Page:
I believe Colin is one of those music video directors where the music becomes the soundtrack for his short. Instead of just throwing in some flashy, expensive car & money props that ends up making the musician or artist look repulsive or just plain foolish, his videos often follow a storyline that most music video directors think is an afterthought.
To hear Ben Ness tell it, Waffles’ given name, the album’s title comes from a combination of two events: 1.) while living in Southwest Detroit at the time he looked outside and noticed his apartment was surrounded, in 360 degrees, by billboards for personal injury attorneys & 2.) his friend suffered a dog bite and had a story to tell after going through a personal injury lawsuit.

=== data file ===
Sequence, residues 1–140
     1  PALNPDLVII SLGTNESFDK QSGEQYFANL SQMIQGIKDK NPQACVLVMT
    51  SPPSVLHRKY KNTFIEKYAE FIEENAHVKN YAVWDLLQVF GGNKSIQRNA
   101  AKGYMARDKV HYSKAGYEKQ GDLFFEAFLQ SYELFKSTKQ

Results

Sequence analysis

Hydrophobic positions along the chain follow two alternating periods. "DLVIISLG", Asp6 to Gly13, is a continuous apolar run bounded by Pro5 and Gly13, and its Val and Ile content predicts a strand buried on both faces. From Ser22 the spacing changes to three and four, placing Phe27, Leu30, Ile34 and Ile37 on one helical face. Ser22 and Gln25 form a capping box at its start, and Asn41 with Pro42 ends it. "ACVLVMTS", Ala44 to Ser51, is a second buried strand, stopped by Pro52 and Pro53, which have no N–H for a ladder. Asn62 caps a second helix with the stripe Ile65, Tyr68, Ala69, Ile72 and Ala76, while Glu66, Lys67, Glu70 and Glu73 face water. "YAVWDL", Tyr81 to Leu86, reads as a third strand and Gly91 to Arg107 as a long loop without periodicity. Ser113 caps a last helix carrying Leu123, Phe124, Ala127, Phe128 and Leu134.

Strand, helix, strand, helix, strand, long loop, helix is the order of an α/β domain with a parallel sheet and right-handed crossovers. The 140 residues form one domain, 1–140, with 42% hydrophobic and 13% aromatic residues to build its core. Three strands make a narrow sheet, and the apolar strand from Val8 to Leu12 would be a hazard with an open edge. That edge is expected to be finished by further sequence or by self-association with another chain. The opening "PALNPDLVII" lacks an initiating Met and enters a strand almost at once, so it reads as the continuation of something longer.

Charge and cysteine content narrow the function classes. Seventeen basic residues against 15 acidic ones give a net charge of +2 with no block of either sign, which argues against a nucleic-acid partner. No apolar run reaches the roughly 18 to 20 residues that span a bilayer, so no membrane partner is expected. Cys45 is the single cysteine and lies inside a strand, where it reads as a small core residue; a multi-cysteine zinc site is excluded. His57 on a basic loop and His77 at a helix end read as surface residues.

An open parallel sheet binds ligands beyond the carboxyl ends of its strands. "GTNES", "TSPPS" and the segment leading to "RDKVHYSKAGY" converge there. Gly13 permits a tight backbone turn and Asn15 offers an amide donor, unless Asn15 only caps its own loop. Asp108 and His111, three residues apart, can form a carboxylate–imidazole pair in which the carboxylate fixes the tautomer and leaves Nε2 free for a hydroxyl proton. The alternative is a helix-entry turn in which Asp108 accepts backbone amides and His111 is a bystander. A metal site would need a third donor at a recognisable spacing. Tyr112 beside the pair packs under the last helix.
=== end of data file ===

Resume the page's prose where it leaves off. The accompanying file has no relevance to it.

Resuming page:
Hip-Hop with a Novelist’s Approach
“Ambulance Chasers” opens with a sample from “The Aviator” of dialogue between Katharine Hepburn (Cate Blanchet) and Howard Hughes (Leonard DiCaprio) talking about golf. This continues several themes & references in Waffles’ work including golf and the pair in question. Mr. Ness is proud to tell you that he was the captain of his golf team in high school, loves the sport and that there is no finer piece of attire than a “Golf Shirt”. The dialogue between the Hollywood legends reference back to the pair’s starring role in a track on Waffles recent EP, “Seizure Suit Farms”.
The record is put together with the concept of a novelist. It’s not surprising considering Waffles’ day job as a rare book dealer. “Ambulance Chasers” extends his previous references from “Golf View Drive” through “How to Shoot Quail” to expand on his themes of misconnection, removal and self-reflection. Waffles’ appears to be looking at aging, at times, and asking new questions about the durability of the heart and the ideas of permanence.